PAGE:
Mobility, for one. Abled or disabled, moving house is a privilege that not everyone can take on. Even in the middle class. A divorced couple, friends of mine, can’t move away from the town in which it’s been designated that they both need to live so their child can continue attending the same high school.

In the book, Brynne describes another related difficult situation. Parents of children with special needs must live in communities where a support system for those needs exists. While it may be more easier to live cheaply living in outside a major city or metropolitan area, making the choice would severely limit access to services that are necessary for life.

Strike the idea to “just move somewhere else” off their list. And when you look deeper, it’s easy to see the much-touted idea that “our current situation is a direct result of the decisions we make” is struck down with force by anyone who has been a parent to a child with special needs.

Brynne also addresses the topic of abuse. Women are more likely to be victims of partner abuse, whether physical, emotional, or financial, and this needs to be incorporated into financial advice for women. It almost never is, and is rarely considered until it is brought up by a victim. And there are a number of reasons abuse victims don’t talk about their situation.

So we’ve identified a “universality” problem with personal financial advice. This book does more than attempt to bring understanding of differentiated circumstances and the resulting specific advice for women and other marginalized identities to the reader. Brynne nails down a number of inherent systemic problems, legacy issues with society and barriers that certain members grapple with but will never affect others, and shows how they apply to the quest for individualistic (with the individual being the important unit of a mostly-capitalistic economical society) financial freedom.

But importantly, she shakes off the idea of societal victimization and offers practical advice for navigating finances in spite of the kyriarchy — which, by the way, is a word I needed to look up even though I knew the Latin etymology, so don’t be ashamed if you do, too.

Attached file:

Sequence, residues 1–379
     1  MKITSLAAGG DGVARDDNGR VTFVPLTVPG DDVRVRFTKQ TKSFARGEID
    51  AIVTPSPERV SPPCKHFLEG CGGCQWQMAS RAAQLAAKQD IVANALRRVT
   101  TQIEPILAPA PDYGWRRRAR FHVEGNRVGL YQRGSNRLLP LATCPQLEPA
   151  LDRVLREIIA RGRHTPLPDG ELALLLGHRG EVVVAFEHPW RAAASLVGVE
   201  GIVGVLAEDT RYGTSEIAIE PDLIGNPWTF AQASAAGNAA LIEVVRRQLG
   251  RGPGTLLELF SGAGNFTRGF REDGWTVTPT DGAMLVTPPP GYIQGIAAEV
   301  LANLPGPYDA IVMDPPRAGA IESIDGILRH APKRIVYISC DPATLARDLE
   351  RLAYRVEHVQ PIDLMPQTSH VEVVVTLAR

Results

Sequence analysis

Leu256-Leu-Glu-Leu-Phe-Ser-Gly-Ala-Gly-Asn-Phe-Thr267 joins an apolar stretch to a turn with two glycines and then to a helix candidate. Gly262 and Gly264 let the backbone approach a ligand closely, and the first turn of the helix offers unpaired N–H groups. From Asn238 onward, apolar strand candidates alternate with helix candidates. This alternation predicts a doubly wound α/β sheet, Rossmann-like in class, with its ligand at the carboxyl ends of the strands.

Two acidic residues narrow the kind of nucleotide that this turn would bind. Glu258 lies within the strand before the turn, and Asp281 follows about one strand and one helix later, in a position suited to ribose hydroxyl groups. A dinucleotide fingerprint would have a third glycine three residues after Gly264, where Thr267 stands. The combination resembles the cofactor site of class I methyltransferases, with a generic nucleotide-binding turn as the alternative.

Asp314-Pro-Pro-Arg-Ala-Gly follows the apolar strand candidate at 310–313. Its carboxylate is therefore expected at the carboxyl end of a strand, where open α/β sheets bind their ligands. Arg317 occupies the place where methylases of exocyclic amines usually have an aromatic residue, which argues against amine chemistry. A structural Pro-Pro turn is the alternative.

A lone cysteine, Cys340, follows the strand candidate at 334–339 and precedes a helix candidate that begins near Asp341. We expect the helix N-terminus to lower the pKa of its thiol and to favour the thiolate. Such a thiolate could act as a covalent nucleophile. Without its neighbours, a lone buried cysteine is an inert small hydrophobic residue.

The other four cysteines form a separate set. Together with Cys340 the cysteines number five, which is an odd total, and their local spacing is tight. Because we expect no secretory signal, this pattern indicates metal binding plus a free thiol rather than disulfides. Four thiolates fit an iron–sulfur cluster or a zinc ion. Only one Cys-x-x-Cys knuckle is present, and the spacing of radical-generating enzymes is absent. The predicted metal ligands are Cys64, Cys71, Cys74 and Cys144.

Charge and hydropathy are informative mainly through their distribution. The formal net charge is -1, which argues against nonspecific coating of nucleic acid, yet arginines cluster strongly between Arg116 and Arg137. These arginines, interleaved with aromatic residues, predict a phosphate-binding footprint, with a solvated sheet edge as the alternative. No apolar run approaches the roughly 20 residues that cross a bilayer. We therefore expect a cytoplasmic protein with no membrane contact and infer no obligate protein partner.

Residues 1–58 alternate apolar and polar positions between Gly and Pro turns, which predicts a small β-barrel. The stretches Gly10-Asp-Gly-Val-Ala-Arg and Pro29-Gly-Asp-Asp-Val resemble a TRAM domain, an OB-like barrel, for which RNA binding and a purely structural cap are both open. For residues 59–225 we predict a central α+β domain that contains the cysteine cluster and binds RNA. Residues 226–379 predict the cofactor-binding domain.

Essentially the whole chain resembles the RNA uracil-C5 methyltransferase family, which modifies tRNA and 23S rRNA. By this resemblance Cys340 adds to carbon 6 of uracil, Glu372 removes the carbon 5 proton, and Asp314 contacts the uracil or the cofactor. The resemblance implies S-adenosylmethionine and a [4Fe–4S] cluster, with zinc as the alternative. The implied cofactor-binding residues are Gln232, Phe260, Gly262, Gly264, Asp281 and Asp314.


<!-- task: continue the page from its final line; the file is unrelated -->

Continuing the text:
To my fellow men: read this book. While I’d like to say, “Don’t take it personally,” we should take it personally. But don’t get me wrong — the ideas within aren’t “anti-man.” Feminism in general is NOT anti-male.

What can we do as bloggers and podcasters to better serve our audiences? I believe your work improves as your understanding of a diverse array of people’s experience improves. Read this book to gain insight you’d never have by sticking to your closest and most likely similar-in-experience friends. You will make better decisions for yourself, and guide your audience to better understanding.

In The Feminist Financial Handbook, calls upon the experiences of people throughout the spectrum of diversity, including people of color, members of the LGBTQIA+ community, immigrants, and other Americans discriminated against on the basis of whatever makes them different than the majority.

What can we do as humans to be better people? Move beyond mere understanding to be a part of changing the system that requires such a stark difference in financial advice between men and women, between abled and disabled, between people of color and people with European ancestry and white skin. When everyone thrives, every one thrives.

Oh, and if you abuse someone — stop.

The Feminist Financial Handbook was released in October and is available in the usual places. You can read more from Brynne at Femme Frugality, which most recently was a finalist for Plutus Awards in recent years for Best Financial Blog for Women and Best Series (for Intersectional Women’s Finances).

Share via:

Related Posts


Leave a Reply

Follow or subscribe to the

Plutus Awards Podcast

Join us for #plutuschat on Twitter

You must register here to qualify for the giveaway!

Note: There are no currently scheduled PlutusChats.